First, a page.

Our sweetie pies

Our sweetie pies

Monday, March 7, 2011

who's on first, what's on second, I don't know's on third...

My dad used to always refer to me as "sweetie" or "honey". At the time, it used to bother me. I remember saying one day "why can't you call me by my name?!" what an arrogant little kid I was. Of course, what I would give now for him to look at me lovingly and call me "sweetie".

One of his favorite old songs was "let me call you sweetheart..." He used to play an old honkey tonked piano in the basement of the house that he had grown up in. I remember my brother and I examining the honkey tonked piano. thumbtacks had been put in the back of each piano key so that when it struck inside the piano, it made the classic honkey tonk sound. His family used to hold parties all the time at that house they grew up in and the basement was where my dad and his friends and cousins would hang out. we, as the grandkids, got to spend different summers out there in Wisconsin and enjoy hanging out in that same room and hearing about the stories of "back when..."

The weather is so different in Wisconsin then it is in California. It would be humid and hot and sticky and your body would attract mosquitoes. we would hang out on the screened in porch and drink lemonade. Then when we were brave, we would venture out to the expansive, freshly mowed backyard and play and run and then get sweaty and sticky and hot and return to the nice cool house.

I remember wandering through that house, looking at trinkets and the paintings on the wall, trying to absorb my dad's life that I was not part of when he was growing up. I remember the Bugles, the crackers that we would only find to eat in their kitchen pantry, not ours at home. or the box of special k cereal that my grandma would always eat. something so mundane but special because it was part of them, it represented them.

That house has been sold now. I haven't been back to wisconsin since my grandfather's funeral. But all of those special memories are still fresh. my dad had a black and white photo hanging in his home office over his desk that he had taken of that house that he had grown up in. My parents still followed the green bay packers in honor of wisconson and a bucky badger flag was hanging in their house too. I raised as someone from Wisconsin even though only my older brother was actually born in Wisconsin. I didn't even know that I had a wisconsin accent until one day in 7th grade a friend pointed out to me that I said words differently then a native Californian would. darn those wisconites!

maybe that was the point when I decided being raised by these people was no longer cool. I had fair Nordic skin that didn't tan at the beach like all the other Southern California kids in school. I was raised on old radio shows and not only knew who George Burns and Gracie Allen were but laughed at their jokes. My brother and I memorized the comedy skit "who's on first" and performed it for a group at a retirement home. I remember my brother setting up the old movie projector in our garage and having the neighborhood kids come and watch Laurel and Hardy films.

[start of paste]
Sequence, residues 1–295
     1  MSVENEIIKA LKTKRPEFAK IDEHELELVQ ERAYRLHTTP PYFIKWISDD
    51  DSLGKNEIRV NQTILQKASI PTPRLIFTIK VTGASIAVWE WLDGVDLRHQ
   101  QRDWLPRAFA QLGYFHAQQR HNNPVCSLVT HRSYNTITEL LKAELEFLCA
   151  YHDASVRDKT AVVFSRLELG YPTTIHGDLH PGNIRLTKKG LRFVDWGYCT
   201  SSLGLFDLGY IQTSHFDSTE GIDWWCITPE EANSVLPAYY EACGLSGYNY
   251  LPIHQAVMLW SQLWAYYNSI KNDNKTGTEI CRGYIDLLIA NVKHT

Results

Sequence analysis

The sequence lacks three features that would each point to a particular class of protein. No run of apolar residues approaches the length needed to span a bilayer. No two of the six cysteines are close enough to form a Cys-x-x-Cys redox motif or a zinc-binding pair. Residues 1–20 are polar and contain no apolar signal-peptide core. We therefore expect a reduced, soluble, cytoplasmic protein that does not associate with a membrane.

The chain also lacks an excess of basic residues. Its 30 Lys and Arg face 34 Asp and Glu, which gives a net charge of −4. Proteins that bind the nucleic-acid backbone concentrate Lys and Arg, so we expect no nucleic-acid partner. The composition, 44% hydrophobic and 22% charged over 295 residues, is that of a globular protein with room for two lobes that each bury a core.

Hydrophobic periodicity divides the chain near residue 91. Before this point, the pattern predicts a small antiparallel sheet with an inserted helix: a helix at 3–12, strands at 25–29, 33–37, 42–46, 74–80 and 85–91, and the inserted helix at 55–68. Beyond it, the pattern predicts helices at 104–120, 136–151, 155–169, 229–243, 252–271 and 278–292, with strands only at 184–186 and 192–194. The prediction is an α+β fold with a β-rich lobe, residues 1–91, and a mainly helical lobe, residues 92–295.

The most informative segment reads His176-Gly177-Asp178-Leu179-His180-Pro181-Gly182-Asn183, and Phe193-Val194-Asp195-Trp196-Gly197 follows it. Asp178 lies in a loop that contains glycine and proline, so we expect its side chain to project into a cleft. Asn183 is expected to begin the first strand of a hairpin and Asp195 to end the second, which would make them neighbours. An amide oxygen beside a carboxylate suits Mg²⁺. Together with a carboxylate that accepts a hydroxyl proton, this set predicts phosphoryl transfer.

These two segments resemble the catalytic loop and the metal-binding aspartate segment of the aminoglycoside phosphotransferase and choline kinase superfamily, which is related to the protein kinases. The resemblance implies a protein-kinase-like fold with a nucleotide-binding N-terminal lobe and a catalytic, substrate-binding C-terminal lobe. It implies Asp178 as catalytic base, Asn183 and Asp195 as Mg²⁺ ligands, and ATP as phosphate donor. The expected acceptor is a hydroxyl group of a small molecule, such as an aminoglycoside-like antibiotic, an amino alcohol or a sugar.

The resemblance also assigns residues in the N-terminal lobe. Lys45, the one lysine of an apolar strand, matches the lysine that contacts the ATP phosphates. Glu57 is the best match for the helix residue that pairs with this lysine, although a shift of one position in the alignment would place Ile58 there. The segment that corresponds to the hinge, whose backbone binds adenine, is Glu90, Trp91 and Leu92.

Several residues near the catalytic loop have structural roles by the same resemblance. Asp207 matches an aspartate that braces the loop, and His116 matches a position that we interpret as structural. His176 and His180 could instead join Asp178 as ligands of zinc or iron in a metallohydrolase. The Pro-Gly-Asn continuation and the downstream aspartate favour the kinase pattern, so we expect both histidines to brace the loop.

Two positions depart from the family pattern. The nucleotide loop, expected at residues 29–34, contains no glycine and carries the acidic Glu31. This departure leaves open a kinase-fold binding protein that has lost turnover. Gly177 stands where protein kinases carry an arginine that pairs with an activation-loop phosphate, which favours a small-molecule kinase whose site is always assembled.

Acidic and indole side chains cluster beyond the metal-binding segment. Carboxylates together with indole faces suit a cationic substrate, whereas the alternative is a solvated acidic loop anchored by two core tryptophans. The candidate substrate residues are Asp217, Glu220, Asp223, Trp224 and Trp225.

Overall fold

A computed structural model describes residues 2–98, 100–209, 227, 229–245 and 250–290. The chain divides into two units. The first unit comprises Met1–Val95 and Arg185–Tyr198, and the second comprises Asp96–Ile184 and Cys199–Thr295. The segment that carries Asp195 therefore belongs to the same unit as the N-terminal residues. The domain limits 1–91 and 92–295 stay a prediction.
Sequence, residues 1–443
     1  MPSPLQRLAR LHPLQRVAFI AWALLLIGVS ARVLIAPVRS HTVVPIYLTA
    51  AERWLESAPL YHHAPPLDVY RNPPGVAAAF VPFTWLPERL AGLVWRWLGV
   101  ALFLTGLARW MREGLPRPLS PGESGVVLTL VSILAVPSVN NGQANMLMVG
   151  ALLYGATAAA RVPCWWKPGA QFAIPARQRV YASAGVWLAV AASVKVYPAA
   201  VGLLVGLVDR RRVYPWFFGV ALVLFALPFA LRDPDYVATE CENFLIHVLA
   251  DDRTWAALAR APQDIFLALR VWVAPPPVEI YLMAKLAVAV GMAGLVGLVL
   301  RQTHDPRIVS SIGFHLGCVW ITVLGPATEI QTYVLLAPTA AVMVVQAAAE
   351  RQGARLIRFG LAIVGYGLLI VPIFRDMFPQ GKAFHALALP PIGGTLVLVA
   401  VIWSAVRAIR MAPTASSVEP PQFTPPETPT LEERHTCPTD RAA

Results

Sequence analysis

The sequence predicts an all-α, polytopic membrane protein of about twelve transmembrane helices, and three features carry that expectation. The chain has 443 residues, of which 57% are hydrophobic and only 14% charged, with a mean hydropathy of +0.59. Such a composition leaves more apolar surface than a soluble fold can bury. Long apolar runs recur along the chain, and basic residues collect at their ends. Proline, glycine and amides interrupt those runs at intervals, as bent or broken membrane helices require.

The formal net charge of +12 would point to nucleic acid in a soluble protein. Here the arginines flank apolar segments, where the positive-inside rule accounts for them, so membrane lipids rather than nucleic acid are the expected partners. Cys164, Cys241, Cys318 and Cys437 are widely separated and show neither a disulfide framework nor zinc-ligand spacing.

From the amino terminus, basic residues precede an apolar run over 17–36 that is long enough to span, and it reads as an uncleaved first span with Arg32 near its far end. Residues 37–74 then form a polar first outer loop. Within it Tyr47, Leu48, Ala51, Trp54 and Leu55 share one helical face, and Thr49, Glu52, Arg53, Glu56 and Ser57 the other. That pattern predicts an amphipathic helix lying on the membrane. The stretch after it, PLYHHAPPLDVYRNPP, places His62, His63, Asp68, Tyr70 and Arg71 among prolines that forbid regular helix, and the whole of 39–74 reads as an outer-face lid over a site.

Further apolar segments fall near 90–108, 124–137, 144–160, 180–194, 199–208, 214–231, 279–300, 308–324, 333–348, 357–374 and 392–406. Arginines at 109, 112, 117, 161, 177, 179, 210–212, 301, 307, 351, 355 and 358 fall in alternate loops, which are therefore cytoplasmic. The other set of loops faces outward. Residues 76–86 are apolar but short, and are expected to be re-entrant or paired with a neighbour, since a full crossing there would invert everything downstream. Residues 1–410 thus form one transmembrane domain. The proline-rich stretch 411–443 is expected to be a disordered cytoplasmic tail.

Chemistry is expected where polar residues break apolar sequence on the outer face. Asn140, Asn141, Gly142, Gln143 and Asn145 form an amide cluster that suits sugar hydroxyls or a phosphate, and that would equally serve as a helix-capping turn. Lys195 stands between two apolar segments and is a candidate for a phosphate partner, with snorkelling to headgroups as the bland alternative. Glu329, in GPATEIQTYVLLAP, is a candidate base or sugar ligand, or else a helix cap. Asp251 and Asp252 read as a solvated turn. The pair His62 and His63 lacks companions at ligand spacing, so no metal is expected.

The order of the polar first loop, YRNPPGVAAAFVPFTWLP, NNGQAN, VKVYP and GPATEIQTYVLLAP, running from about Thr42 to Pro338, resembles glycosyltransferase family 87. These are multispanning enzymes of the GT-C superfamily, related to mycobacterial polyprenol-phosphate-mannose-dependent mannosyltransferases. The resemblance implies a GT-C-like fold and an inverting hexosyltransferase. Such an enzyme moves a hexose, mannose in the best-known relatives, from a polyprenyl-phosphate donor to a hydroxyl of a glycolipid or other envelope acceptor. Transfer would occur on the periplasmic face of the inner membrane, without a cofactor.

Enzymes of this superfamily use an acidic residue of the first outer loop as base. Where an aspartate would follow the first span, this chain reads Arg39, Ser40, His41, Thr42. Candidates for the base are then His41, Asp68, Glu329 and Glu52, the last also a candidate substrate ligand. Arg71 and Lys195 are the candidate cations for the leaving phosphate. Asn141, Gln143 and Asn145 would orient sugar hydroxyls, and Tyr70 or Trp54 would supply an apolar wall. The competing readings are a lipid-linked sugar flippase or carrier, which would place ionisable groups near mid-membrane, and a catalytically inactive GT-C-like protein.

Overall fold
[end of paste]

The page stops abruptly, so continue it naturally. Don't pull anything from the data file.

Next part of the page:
My dad was creating a legacy. He was teaching us what he knew. He had a great time growing up in the era of the 1940's and 1950's and wanted to us share in what he knew too.

When I went to summer camp in middle school, my camp counselor thought I was the coolest kid because I knew all these old comedy skits. when I went to another church event, another kid complemented me on my freckles. my uniqueness that I thought made me strange was beginning to shine for me and get me noticed in a good way.

what makes us different can be the very thing that makes us special.

and then there is my sweetie. Now you know. in honor of my dad, she is now my sweetie. she has had a hard journey in her meager three years.

She was born a preemie at 33 weeks. She was a hefty 4 pounds 15 oz at 33 weeks. that was a good thing. However she suffered from Apnea four times which means she stopped breathing four separate times in the hospital. Each time, a nurse revived her and told me it was okay. it happens. She had to stay in the NICU for those four weeks until the doctors felt confident she would not have apnea anymore.

Then through her first year, she kept getting bronchitis. we were given a nebulizer to use to help her breathe and she was put on antibiotics and steroids. The doctor thought for sure she had asthma. But then it did seem to finally clear up and she hasn't had any problems with her breathing or heavy coughs for the last two years now.

Then her speech came slow. She stayed quiet a lot and when she did speak she was hard to understand. and now diabetes. and she is only 3!

All of these things that may add up to be "problems" or "that's too bads" may turn around and become "wows!" and "that's amazings!" someday.

Her name means "cherished one" and that she is. she is our little sweetie pie and we know that God has great things in store for her just as he did for me when I was an awkward middle schooler that talked like a wisconsoner. Maybe someday she will grow up to talk about her crazy mother that sat up typing every night into the wee hours about that old forgotten disease that everyone gets vaccinated against today.

1 comment:

  1. It is wonderful to look back on those treasured memories! Sounds like it was a lot of fun in that Wisconsin yard during the summer time.

    Writing about it will give your kids a "picture" of what it was like...and maybe one day you'll take your "sweetie" and the whole family back to enjoy some summertime there too.